Is Creationism a Missionary Effort? | The Institute for Creation Research
 
Is Creationism a Missionary Effort?
 

The decade of the 1990's holds great promise for the spread of Christianity in previously closed countries. The dramatic call from Eastern Europe for Bibles and other Christian literature, as well as requests for training under Christian leaders, has many missionary-minded organizations rapidly working to fill that need. Thoughtful persons are recognizing that the walls and curtains which have so recently been torn down, may rise once again to shroud great portions of the globe.

Similar calls are echoing from the Far East, from Africa, and from South America. Darkness has had its day, and souls are clamoring for light. The window of opportunity for the Gospel, although perhaps created by a lust for Western materialism and a desire in some sectors for peace, must be traversed by a thoughtful, well planned effort. Should the message of creation play a role in such an evangelistic effort?

During my recent lecture tour in Moscow, I spoke almost exclusively to college students, professors, and scientists. Local Christian leaders, who sponsored my lectures, had targeted the "intelligentsia" as being nearly unreachable by other evangelistic efforts, yet who become very influential, if and when converted. My lectures were predominately of scientific content, but the spiritual implications were included. I had brought gospel tracts in Russian, translated from one used with effectiveness on American campuses, but the Christian leaders discouraged their distribution. How can a person who has been convinced by science that naturalistic evolution accounts for all of reality, and who "knows" there is no God, and has only heard a ridiculous caricature of the superstitious beliefs of the uneducated, possibly be affected when they hear, "God loves you, and has a wonderful plan for your life"? A lecture on the inability of chance processes to produce life forced them to consider the possibility of God. Then, and only then, could a salvation message communicate. And, as it turned out, each of my lectures was followed by intense interest in both creation science and the nature of the Creator.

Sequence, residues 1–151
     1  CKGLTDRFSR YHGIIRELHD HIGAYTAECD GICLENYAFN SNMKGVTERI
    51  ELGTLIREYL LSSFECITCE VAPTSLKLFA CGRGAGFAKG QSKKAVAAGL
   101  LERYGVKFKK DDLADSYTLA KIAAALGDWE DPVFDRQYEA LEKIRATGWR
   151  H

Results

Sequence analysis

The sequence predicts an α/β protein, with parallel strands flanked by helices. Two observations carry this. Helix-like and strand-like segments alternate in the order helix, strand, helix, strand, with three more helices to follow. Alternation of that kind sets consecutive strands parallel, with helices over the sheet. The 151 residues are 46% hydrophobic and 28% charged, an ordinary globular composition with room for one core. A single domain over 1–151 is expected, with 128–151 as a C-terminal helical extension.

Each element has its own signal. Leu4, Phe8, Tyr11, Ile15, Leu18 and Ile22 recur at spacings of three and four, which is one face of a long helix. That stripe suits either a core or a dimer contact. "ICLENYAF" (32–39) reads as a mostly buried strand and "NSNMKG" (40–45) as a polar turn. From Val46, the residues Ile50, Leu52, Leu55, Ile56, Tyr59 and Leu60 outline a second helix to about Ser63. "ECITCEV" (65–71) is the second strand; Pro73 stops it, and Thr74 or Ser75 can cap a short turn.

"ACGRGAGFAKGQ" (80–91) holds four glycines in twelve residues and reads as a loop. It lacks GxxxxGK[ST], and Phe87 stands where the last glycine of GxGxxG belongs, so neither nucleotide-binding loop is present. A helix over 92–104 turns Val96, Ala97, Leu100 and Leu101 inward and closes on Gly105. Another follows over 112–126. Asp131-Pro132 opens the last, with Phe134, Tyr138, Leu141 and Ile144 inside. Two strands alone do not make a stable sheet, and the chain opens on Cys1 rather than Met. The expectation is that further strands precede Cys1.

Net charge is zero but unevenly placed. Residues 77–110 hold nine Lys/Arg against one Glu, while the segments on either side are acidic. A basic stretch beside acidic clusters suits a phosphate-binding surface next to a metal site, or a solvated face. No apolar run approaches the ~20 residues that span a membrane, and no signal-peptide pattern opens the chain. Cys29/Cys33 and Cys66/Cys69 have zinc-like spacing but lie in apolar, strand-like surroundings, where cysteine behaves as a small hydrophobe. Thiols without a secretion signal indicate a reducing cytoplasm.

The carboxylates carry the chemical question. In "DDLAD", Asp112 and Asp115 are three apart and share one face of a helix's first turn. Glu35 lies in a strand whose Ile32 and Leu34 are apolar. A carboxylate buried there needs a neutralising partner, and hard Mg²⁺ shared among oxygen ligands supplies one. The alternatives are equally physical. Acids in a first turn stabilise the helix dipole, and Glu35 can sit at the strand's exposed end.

Missionaries and Christian leaders from many lands have testified that evolution is the chief roadblock to the acceptance of the Christian Gospel. Most of the world's religious systems, including the atheism of the eastern bloc, the pantheism of Asia, the animism of tribal cultures, and the polytheism of the ancients, are all basically evolutionary systems, ascribing to natural causes, the effects we see around us. Those "educated out of" such systems naturally gravitate to scientific evolutionism, and away from God.

Conversely, many missionaries have found that when they teach the early chapters of Genesis, including the doctrines of creation and Adam's subsequent fall into sin, before the doctrine of salvation from sin by the work of the Creator on the cross, that the response is much greater. Many cultures have traditions which are faded memories of the events of Genesis, yet their descendants have no knowledge of Christ, and this focal point of reference opens their hearts to the fulfillment of their traditions.

Indeed, creationism must be a part of any modern missionary effort. And why not? It is part of the true Gospel of Christ, called "the everlasting gospel," by John, the evangelist (Revelation 14:6,7). Without it, nothing else makes sense!

*Dr. John Morris is the President of ICR.

Cite this article: John D. Morris, Ph.D. 1991. Is Creationism a Missionary Effort?. Acts & Facts. 20 (1).

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